Why is this the case?  Well, it is quite likely that with the advent of GDPR, many of the Fortune 100 companies have taken the steps to further beef up their respective lines of defenses, so that they are not faced with the harsh, financial penalties. 

In contrary, the medium sized businesses do not have as much of a budget to fortify their security posture; and, they are not bound to the rules and regulations that have been set forth by the GDPR.

Thus, they are now becoming a prime target.  But resources are becoming available to the medium sized business, albeit at a slow pace.  Much this is being done by the Trump Administration, which is granting access to Cybersecurity consultants at minimal or even no charge so that any unseen vulnerabilities or gaps can be patched up as quickly as possible.

So, the next question is, what will happen for the rest of 2019?  This is difficult to answer.  I thought that by now, there would be some large-scale attack, either on the Internet, and even our Critical Infrastructure.  There have been isolated cases of these, such as in Baltimore, where the city was hit by a nasty Ransomware attack.  I think even other states down in the southern region were impacted as well.

I keep on tab daily as to what is happening out there, and the headlines are typically the same, with Facebook leading the charge.  Then there are those usual headlines where you read about how bad the Microsoft and Adobe patches are, which website has been, etc.

I pray that this does not every happen, but I can still see some kind of large-scale attack happening.  It is not too far down the road.  The Cyberattackers are getting more and more sophisticated, and it is even harder to detect them.  Attacking the Internet is one thing (this is something that can be recovered from rather quickly), but attacks to our Critical Infrastructure remains very scary.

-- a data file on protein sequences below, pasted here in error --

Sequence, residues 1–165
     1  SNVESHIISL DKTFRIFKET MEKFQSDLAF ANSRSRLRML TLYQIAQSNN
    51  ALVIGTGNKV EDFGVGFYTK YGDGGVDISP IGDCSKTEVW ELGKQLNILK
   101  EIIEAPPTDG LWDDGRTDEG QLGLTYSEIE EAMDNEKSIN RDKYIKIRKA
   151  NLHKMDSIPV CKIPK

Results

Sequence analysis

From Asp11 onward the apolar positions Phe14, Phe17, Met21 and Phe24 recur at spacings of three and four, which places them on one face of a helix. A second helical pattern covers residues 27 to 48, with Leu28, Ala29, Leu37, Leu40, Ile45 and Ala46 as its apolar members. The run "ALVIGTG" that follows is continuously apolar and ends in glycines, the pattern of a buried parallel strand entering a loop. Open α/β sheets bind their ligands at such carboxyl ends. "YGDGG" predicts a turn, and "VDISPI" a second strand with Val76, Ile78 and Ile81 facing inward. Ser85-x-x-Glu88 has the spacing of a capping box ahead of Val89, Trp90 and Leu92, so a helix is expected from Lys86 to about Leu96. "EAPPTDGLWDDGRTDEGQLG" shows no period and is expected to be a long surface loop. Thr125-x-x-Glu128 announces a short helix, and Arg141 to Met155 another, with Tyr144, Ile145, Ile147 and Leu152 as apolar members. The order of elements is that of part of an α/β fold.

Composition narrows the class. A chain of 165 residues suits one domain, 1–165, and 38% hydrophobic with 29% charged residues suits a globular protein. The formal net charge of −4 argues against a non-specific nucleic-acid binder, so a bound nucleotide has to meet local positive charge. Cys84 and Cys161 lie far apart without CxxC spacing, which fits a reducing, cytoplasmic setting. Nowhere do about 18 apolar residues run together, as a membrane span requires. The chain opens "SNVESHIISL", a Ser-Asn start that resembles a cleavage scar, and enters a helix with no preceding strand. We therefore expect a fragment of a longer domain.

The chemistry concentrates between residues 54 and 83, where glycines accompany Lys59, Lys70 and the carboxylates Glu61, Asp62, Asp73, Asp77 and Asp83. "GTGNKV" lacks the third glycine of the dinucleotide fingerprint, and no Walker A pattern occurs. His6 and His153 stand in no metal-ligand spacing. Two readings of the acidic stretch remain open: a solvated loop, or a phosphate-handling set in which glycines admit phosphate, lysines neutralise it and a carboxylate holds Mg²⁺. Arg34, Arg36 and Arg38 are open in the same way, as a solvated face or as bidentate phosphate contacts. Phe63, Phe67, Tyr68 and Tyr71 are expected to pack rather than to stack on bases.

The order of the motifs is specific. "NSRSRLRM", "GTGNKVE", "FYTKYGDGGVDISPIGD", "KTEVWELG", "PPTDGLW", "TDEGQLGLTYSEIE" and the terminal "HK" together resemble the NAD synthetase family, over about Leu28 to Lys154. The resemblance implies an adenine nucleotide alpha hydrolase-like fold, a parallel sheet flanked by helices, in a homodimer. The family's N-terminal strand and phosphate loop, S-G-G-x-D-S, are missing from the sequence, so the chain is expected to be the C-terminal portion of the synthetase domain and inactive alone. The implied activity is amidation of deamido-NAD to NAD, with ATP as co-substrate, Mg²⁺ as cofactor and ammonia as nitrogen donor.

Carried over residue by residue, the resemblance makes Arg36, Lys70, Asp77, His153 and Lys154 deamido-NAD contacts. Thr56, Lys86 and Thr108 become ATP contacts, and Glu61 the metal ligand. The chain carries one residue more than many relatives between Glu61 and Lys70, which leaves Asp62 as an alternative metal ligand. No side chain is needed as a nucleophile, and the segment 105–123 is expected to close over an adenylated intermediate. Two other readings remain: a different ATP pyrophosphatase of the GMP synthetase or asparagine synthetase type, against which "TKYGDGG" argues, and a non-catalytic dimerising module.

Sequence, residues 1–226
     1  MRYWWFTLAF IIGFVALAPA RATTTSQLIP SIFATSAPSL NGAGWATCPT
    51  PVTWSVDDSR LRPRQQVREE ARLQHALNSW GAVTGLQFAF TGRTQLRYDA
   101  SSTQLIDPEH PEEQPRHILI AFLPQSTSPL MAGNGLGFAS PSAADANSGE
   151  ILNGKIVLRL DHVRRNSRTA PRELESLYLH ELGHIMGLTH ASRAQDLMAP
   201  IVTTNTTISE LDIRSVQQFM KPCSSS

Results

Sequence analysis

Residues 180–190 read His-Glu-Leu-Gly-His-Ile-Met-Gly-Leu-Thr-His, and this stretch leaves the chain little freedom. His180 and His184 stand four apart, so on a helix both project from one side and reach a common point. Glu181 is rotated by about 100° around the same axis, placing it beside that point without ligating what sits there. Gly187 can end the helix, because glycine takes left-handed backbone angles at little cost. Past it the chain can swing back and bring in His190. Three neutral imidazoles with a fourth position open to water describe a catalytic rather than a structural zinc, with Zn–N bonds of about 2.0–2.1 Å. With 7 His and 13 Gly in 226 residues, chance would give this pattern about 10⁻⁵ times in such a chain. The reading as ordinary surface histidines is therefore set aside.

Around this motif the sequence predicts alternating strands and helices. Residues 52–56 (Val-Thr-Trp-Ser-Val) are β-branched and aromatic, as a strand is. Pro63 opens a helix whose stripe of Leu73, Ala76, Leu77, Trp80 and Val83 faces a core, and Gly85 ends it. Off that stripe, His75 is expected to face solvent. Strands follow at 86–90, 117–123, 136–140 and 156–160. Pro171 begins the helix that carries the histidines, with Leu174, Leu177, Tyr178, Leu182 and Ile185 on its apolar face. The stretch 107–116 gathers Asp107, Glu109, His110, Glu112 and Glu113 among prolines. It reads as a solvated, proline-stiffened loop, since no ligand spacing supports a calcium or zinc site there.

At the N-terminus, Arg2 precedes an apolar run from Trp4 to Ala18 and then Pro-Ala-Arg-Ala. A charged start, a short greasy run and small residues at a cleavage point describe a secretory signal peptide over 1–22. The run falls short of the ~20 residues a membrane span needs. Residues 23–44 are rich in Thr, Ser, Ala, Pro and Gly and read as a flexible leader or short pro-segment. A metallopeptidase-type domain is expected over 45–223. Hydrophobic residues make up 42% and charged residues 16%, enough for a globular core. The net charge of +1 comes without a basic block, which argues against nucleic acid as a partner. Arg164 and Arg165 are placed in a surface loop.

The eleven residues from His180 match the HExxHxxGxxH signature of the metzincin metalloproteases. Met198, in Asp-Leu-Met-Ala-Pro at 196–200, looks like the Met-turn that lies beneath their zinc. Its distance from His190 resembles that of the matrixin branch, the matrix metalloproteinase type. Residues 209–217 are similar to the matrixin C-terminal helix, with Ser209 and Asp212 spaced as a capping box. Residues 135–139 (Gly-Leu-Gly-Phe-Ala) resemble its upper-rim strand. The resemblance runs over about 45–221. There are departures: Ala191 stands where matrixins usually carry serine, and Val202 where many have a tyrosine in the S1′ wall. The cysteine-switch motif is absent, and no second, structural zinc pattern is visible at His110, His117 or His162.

The primary reason for this is that much of this infrastructure has been built upon legacy systems, and still relies heavily upon them.  Thus, for example, if our water supply lines were hit, it could take days or even weeks to come out of this, as the damaged parts were literally having to be rebuilt again. 

There has been talk of even ripping out their old security systems and replacing it with older ones.  But this won’t work either, and because of that, only additional security layers can be added onto these legacy systems.

We still have 4.5 more months before the year is over, let us pray that it goes by uneventfully.  Finally, more details about this study can be seen at this link:https://pages.riskbasedsecurity.com/2019-midyear-data-breach-quickview-report?utm_campaign=Data%20Breach%20QuickView%20Report&utm_medium=email&_hsenc=p2ANqtz-9jDmdX7ExNk739yvGU2p-zHpEmcnGEHxI4S-NRAf7YNndoktRg8s3K-TzxI3l3GKLocECTADWUaqPgAanhbJvZbGFsGw&_hsmi=75704751&utm_content=75704751&utm_source=hs_email&hsCtaTracking=dcee0acc-c885-4a34-84f5-effaa6434ce1%7Ccb959a9b-8f8a-4445-8abc-9194d581105c